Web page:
Home > Art > Madrid > 

Arcimboldo and Flora*

Detail of Flora - Giuseppe Arcimboldo
Giuseppe Arcimboldo
Detail of Flora, 1589
Private collection

Giuseppe Arcimboldo (1526–1593) is one of the most surprising cases of changing fortunes in the world of art. Esteemed and ennobled by emperors and praised by renowned writers on art of the day, after his death he was the subject of a harsh damnatio memoriae that lasted until the twentieth century, at which point he suddenly reappeared, becoming one of the few visual artists prior to the Impressionists capable of connecting with the modern sensibility.

Arcimboldo was born in Milan in 1526 into a family of painters. Like his father, Arcimboldo worked primarily for the Opera del Duomo, Florence, where he is documented between 1549 and 1558 as a designer of cartoons for stained glass and tapestries. He also painted frescoes in the cathedral of nearby Monza. In 1562 his life changed radically when he was invited to the imperial court by the future Maximilian II. Arcimboldo's principal activity during his early years of royal service was portraiture. In the 1570s he was also employed to design the numerous spectacles (tournaments, plays, weddings) that were held at court. This dual employment as portraitist and designer of temporary events has been compared to Leonardo's output for the Sforza court in Milan. Arcimboldo remained at the imperial court until 1587, first in Vienna then in Prague. In 1587 he left the court, garlanded with honours, and returned to Milan where he died in 1593, aged sixty-six.

A multi-faceted artist, Arcimboldo's place in history rests on one aspect of his output, which is as unique as is it indelibly linked with his name: his so-called teste composte (composite heads). The term refers to a composition arising from the combination of different, clearly definable elements to form a head and the upper part of a bust. While these heads have often been described as caprices resulting from the artist's whimsical and fertile imagination, their creation was in fact a complex issue bound by specific rules.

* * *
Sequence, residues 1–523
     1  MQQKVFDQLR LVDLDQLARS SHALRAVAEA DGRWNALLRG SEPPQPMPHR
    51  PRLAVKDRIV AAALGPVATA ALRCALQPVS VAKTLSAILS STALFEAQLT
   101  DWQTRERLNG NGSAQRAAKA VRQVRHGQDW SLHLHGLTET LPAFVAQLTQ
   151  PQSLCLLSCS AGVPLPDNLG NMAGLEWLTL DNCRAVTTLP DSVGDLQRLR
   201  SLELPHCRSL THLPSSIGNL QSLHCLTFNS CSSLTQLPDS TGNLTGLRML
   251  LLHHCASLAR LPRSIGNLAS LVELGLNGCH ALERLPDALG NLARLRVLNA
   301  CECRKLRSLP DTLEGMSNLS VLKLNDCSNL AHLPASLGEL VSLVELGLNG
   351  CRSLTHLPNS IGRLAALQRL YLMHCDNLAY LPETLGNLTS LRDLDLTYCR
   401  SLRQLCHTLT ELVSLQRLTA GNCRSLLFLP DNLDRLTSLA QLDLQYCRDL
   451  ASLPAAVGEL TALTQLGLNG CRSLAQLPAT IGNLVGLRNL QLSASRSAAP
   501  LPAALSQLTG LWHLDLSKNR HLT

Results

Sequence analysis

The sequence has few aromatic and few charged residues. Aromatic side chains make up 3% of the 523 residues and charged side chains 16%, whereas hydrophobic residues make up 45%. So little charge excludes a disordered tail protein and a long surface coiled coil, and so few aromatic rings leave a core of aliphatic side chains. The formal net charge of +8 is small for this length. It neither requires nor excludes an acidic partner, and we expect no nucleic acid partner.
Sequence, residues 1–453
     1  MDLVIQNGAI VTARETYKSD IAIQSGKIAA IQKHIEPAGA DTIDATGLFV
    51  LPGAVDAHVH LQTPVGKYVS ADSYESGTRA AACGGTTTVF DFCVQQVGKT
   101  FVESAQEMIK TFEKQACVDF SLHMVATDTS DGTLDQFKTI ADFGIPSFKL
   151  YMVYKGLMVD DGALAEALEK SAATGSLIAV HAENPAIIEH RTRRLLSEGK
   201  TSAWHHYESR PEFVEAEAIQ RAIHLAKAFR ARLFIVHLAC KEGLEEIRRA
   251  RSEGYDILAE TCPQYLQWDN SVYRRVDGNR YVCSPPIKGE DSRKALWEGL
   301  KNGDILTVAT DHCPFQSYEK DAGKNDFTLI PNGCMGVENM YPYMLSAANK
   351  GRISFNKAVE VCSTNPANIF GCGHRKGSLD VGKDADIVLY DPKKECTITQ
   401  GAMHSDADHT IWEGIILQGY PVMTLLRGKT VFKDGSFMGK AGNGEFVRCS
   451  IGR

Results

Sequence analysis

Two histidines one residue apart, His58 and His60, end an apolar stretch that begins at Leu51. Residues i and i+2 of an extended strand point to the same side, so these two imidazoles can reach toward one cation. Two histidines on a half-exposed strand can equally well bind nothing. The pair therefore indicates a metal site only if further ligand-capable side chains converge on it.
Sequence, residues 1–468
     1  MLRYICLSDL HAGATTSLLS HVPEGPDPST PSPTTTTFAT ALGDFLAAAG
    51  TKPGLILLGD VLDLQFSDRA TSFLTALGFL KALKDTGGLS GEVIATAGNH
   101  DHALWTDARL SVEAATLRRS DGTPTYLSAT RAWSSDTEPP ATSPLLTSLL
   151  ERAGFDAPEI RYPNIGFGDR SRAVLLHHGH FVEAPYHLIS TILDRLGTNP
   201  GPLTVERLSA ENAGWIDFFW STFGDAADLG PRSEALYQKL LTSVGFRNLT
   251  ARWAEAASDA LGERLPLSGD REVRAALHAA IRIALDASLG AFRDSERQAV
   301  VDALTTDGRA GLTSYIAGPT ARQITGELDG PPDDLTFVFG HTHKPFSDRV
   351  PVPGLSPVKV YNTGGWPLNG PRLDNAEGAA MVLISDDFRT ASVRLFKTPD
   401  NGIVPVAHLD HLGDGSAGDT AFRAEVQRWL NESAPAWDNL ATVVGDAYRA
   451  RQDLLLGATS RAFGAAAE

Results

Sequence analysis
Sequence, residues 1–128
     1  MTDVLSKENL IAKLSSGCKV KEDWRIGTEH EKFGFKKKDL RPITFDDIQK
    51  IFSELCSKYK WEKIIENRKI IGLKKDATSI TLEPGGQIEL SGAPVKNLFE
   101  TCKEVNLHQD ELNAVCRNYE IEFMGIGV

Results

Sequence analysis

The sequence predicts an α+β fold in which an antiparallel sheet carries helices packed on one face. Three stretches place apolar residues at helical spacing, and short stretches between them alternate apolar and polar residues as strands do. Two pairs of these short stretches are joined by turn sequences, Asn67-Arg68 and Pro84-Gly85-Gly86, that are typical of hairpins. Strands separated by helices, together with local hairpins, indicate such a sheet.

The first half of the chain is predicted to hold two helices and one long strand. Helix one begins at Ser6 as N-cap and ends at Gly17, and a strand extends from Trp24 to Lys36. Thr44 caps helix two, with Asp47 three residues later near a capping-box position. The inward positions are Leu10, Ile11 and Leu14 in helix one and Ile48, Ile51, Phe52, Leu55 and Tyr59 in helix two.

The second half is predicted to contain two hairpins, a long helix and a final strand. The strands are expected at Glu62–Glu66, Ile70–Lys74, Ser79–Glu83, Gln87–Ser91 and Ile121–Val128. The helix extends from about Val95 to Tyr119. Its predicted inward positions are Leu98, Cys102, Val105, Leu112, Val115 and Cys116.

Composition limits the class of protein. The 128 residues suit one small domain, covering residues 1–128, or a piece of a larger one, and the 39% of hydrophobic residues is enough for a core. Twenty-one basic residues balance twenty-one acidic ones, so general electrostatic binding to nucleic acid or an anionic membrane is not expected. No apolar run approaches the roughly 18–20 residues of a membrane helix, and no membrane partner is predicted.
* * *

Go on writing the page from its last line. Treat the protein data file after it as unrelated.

The origins of the teste composte have been the subject of discussion by all those who have studied the artist. Both DaCosta Kauffman and Porzio acknowledge the influence of Leonardo in two aspects: as the creator of the teste grotesche e di carattere (grotesque heads and heads of characters) and for his scientific approach to nature.

Continuing with the two paintings that comprise this exhibition, Flora was celebrated from the moment of its creation as one of Arcimboldo's masterpieces. Together with Vertumnus, it was the work that most contributed to disseminating his skills. The first was Flora, executed in 1589 and presented to Rudolf on New Year's Day in 1590, a date on which the ruler traditionally received presents. The choice of this painting as a gift for the emperor can be explained by Rudolf's interest in botany and gardening, an enthusiasm that Arcimboldo would again reflect two years later with Vertumnus, which formed a pair with Flora.